If you ever want to have a similar experience, I highly suggest that you become involved in an archaeological dig either where you live, or abroad. Many field schools do not require any previous training, and at many digs, volunteering will only cost the price of room and board. While traveling, it is actually a very cost effective way to become intimately familiar with a region and become submerged in the local culture.
Back in 2015 I was dropped off by a helicopter in the middle of a large muskeg to assess a cutblock for Alberta-Pacific Forest Industries. After trudging my way through the swamp to the cutblock, I found a very prominent but small hill. I put my shovel in the ground and I found one large, beautiful flake. I tested out the rest of the landform but found nothing else. I flagged the site for avoidance by harvesters and made my way back through the muskeg to be picked up by the helicopter.
When I got there I told the pilot that I found a site. He responded “Really? This is the middle of nowhere. Why would anyone be out here?” To which I replied, “People were everywhere, man.” The pilot was skeptical and asked to see what I found. He said, “That’s just a rock that was broken by your shovel.” I responded by saying, “I can give you eight reasons why this is a legitimate artifact…”
The above artifact is the “textbook flake” that I found that day. It has all the features that we typically look for in determining if it is natural or a rock that was broken by a human in the past. These features are:
1. Bulb of percussion: A bulb that forms directly below where the hammerstone struck the core. This is what causes the flake to be popped from the core. If a rock is broken by heating or freeze-thaw this bulb will not be present.
2. Platform: The flat area where the flintknapper would strike the core to pop the flake off. These areas are sometimes prepped to be struck by rubbing the hammerstone on the edge to strengthen the edge and remove any micro-fractures that may cause the rock to break in an unintended way.
3. Percussion waves: Caused by the force travelling through the flake.
4. Eraillure Scar: Small flake scar on the ventral surface of the flake which is the result of the rebounding force from the percussive force.
5. Termination: This flake has a feather termination. This is a perfect detachment of a flake from a core. Desirable because the end of the flake is sharp without need to resharpen or retouch. This means that the flake is a ready tool that can be used to cut or scrape. Other types of terminations include: hinge, step, and overshot terminations. These are usually an error by the knapper or flaws in the core.
6. Flake Scars: Areas on the dorsal surface of the flake where flakes were knocked off during earlier stages of tool making process. The coincidence of these being present on a naturally broken rock are impossible.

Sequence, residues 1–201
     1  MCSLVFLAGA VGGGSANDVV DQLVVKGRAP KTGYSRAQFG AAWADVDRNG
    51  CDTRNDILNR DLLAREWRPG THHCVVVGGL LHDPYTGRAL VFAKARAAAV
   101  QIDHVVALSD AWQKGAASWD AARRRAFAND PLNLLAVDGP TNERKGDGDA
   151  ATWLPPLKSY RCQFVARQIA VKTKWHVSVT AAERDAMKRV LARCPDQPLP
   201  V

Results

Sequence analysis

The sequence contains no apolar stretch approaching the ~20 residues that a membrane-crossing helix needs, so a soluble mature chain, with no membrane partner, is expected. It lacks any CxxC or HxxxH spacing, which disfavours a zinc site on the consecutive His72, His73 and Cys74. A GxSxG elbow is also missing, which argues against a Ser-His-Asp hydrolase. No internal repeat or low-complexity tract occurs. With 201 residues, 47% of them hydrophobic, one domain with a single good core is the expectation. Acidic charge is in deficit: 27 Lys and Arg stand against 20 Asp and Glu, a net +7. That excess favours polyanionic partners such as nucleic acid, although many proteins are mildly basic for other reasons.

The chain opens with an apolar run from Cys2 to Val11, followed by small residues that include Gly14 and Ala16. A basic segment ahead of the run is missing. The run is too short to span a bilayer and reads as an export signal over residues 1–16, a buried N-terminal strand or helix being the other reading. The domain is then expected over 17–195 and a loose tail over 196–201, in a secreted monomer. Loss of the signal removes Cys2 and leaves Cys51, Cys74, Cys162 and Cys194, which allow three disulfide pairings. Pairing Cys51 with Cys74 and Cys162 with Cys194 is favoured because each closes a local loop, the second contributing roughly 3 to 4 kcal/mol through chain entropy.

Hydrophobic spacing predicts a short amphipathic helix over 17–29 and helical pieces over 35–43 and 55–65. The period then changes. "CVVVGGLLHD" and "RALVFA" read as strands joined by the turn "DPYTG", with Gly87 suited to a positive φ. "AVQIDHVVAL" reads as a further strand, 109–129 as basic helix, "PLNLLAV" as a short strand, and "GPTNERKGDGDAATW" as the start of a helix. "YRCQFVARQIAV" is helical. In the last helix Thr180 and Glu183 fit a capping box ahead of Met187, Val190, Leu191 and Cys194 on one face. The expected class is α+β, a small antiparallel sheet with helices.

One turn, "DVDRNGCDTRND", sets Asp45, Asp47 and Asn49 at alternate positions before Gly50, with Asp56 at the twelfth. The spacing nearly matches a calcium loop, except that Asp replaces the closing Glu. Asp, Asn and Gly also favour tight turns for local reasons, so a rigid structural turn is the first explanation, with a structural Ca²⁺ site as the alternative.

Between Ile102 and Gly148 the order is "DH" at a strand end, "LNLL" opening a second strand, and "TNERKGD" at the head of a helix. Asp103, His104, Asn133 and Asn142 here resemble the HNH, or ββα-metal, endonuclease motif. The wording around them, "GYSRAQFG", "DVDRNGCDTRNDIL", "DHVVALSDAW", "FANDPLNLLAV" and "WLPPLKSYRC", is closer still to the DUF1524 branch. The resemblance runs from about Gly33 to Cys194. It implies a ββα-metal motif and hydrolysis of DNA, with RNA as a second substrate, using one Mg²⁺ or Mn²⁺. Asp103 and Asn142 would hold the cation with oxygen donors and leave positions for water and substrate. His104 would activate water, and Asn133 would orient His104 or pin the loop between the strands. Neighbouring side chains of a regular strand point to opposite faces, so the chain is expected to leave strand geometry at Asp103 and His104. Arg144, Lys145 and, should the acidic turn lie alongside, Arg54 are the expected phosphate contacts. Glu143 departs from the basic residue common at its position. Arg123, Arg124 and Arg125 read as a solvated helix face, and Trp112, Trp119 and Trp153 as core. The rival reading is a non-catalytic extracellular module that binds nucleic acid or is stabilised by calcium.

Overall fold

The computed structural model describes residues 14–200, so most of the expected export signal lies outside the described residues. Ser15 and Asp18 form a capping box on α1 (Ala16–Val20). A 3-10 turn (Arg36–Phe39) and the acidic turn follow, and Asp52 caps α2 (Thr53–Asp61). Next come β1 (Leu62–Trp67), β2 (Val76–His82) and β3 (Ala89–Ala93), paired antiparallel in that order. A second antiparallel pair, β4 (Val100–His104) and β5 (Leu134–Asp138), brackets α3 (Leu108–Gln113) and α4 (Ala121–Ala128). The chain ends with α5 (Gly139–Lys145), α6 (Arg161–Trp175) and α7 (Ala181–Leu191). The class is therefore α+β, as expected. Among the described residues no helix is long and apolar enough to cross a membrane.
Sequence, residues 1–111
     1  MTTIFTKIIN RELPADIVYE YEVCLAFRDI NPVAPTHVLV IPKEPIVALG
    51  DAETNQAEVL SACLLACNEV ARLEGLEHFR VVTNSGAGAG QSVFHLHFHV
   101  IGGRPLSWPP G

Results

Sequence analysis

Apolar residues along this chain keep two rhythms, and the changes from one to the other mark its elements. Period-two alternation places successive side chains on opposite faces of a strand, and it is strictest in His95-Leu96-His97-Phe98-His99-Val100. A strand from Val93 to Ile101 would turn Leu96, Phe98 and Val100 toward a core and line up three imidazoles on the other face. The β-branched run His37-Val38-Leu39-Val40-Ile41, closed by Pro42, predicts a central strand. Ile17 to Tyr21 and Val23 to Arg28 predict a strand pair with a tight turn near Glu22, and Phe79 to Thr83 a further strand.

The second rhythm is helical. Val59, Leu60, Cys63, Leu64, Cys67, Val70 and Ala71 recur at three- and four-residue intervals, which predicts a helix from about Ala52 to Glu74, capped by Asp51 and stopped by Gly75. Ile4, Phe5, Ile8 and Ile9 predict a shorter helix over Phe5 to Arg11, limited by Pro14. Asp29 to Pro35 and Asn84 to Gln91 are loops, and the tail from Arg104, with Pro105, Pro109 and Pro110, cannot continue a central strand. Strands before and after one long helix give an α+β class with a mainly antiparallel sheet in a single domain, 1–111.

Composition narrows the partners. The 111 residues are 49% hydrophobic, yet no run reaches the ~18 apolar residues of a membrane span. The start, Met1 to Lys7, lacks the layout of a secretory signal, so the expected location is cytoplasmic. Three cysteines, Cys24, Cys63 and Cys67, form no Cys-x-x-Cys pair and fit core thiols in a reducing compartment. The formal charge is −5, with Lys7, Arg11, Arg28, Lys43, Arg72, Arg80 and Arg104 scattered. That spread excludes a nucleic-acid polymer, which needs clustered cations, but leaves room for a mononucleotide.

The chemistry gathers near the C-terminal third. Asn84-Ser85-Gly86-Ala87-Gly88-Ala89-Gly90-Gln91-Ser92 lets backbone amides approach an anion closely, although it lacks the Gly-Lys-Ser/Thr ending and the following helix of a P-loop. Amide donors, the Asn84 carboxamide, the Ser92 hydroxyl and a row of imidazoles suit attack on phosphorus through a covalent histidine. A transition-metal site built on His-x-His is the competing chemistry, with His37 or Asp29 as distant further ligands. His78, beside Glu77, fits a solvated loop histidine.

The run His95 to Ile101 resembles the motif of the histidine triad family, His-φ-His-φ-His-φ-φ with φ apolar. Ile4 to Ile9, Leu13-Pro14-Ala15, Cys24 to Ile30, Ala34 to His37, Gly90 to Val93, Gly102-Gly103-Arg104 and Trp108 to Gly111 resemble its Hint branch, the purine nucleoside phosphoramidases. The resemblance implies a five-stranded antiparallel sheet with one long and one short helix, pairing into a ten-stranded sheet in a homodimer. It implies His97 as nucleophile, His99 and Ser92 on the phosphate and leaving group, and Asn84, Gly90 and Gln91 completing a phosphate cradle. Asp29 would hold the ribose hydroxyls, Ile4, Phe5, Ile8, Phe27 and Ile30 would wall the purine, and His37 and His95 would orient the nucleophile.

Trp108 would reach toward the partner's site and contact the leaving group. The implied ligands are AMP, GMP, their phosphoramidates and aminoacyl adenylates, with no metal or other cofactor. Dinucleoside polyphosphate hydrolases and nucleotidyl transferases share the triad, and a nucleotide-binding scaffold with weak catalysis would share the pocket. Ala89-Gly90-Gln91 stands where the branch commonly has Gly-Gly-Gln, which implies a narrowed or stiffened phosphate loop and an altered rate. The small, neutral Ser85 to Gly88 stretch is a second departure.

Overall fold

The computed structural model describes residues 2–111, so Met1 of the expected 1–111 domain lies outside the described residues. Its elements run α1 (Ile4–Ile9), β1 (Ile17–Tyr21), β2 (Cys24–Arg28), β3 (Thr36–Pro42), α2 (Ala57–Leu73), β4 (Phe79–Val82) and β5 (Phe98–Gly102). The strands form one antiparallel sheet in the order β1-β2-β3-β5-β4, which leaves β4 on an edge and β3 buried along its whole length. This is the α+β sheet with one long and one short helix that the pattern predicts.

7. Material: The material of this flake is a fine grained chert. This is not a rock that would naturally be found in this immediate area. There were also no other rocks present in the shovel test or any of the other shovel tests that were dug that day.
8. Context: Sometimes when rocks are crushed by heavy equipment they can break in a similar fashion but this was found pre-disturbance. Additionally, the force from me putting my shovel into the ground could never possibly break a rock in this fashion. I am not that strong.
It is not often that we have all of these flake features present. Sometimes if a flake is broken we might not be able to see the bulb and platform or the termination. We usually try to find at least two of these features to call something an artifact. To convince a non-archaeologist a flake is genuine you might need all these features present. I feel like I convinced the pilot that this was a real artifact but I think he only responded by saying “interesting.”
Back in September of 2017, I found what would probably be one of the coolest artifacts that I will ever find in my field survey career. My coworker Vince and I got up one fateful morning and set out on our four hour quad ride into one of the most beautiful areas in Northern Alberta: the Swan Hills. I have been working in the Swan Hills area for a few years now and every time I come back, I am always amazed by the broad vistas and pristine valleys that cut through this segment of the Alberta Foothills.
We were checking out a cutblock on the edge of a broad muskeg flat with a small stream. It was pretty swampy on the way in, but once we got closer to the stream, the land rose up into a nice, narrow little ridge that gave a good view over the stream. After walking around for a bit, Vince and I settled on a place to start digging. Normally, it takes a bit of time going through the screen before you can find the small stone flakes that we typically find. This time, I only had to flip over the root mat to see the top half of a stone blade stuck in the rootlets. A few seconds later, I pulled out the base of the same blade from the loose sediment, revealing a complete spear point buried only a few centimeters below the surface.